3. Data Processing and Analysis

The measured gravity field (Figure 2(a)) in North Cameroon usually shows the combined effect of a local associated with the superficial rocks and a regional caused by deeper structures in the earth’s crust ( Eyike et al., 2010 ). Thus, to effectively use Bouguer gravity data to infer the properties of the anomaly of Waza the gravity anomalies that is due to this feature must be enhanced. To aid in this enhancement, we use the isostatic residual anomalies. Determining the isostatic residual gravity anomalies is a technique based on geologically estimated parameters (density of the topography, depth of compensation, and density between a crustal root and the surrounding material) and thus is more likely to produce gravity anomalies resulting from crustal sources ( Simpson et al., 1986 ) than polynomial trend surface fitting or wavelength filtering. The one problem in North Cameroon is that there are no detailed studies of the thickness of the crust and the only regional studies do not provide the constraints necessary to determine the isostatic compensation parameters. However, from Eyike and Ebbing (2015) ;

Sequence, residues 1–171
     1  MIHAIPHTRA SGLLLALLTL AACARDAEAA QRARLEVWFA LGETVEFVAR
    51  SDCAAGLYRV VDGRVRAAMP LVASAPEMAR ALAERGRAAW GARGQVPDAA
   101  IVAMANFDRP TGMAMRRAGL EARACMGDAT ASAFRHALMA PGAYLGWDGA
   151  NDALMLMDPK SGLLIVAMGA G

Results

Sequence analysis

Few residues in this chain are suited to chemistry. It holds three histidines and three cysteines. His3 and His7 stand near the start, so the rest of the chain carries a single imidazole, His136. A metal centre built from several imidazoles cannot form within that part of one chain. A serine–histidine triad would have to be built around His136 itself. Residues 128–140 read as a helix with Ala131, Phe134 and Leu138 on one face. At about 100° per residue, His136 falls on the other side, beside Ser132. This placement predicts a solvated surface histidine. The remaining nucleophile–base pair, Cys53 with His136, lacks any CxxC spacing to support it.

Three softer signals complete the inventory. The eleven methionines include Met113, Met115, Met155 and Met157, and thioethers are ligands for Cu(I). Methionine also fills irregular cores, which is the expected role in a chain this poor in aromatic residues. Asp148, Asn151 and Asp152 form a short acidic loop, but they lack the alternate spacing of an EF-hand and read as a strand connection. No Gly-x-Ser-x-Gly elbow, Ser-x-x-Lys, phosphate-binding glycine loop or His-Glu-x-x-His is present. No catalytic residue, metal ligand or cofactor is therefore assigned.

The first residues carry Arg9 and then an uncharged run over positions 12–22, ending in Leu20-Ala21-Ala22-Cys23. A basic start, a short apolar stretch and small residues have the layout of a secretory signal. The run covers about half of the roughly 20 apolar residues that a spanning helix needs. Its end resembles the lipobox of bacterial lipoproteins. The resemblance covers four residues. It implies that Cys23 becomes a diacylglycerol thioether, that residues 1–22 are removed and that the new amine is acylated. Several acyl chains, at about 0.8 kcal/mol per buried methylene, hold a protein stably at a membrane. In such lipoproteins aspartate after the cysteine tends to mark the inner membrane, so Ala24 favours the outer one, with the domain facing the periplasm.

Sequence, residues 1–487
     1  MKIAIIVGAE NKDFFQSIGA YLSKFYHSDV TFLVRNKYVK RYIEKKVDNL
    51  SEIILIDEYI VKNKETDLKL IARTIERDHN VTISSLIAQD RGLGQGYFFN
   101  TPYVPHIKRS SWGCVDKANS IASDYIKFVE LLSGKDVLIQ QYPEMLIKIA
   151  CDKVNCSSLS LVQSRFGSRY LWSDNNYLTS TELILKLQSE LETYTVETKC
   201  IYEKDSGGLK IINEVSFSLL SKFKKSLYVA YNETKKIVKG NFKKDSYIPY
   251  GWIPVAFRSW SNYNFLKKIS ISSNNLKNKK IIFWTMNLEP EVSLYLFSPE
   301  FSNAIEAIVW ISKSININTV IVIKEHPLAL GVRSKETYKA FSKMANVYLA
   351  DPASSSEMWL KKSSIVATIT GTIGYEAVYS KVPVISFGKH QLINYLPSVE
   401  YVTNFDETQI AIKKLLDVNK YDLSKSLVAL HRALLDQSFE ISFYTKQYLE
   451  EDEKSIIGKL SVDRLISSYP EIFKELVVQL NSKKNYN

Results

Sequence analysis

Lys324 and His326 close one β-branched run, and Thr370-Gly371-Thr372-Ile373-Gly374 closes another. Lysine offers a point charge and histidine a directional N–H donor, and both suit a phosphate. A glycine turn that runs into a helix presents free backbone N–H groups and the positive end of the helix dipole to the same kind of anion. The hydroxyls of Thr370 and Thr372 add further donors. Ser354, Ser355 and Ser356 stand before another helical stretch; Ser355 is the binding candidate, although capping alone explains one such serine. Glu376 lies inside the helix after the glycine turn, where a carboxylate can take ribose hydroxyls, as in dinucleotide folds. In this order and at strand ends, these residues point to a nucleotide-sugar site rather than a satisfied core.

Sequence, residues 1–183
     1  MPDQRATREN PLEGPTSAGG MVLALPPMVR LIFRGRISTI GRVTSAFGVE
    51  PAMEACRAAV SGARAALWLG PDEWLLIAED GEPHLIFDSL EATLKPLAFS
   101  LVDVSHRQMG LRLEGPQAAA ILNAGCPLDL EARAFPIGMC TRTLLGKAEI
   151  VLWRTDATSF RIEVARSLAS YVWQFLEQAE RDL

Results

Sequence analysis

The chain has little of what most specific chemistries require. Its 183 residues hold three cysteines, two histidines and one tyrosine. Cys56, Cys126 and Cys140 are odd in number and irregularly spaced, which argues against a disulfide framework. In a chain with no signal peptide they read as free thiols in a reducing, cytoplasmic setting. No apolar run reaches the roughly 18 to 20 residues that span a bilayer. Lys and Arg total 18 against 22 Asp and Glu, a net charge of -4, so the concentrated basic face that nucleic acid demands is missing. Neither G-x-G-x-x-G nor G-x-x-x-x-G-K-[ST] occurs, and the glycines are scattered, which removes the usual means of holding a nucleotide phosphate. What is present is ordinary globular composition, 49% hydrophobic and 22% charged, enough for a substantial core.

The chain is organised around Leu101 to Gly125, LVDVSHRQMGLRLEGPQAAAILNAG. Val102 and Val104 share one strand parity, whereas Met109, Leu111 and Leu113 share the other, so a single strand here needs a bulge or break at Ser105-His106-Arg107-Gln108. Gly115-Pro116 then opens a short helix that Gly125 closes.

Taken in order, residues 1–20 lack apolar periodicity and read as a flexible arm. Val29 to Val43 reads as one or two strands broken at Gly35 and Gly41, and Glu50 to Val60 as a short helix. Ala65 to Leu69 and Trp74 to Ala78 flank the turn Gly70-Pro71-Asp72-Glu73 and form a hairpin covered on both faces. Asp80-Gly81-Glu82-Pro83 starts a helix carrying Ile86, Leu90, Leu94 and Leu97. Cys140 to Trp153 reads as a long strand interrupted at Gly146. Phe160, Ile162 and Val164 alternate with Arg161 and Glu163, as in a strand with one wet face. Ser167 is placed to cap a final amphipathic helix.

Figure 2. (a) Bouguer gravity anomaly map of North Cameroon; (b) This isostatic residual gravity anomaly map, superimposed on it are the selected profiles A-A’ and B-B’ used for the modeling.

Tokam et al. (2010) and Poudjom Djomani et al. (1995) , an average compensation depth of 33 km, the topography density (2.67 g/cc) and density contrasts across crustal root were estimated from the Christensen and Mooney (1995) P-wave velocity-density empirical relationship. Crust layer velocities used and estimated densities for the layers are provided in Table 1. These values plus a topography grid ( Amante & Eakins, 2008 ) were combined to create an isostatic residual gravity anomaly map.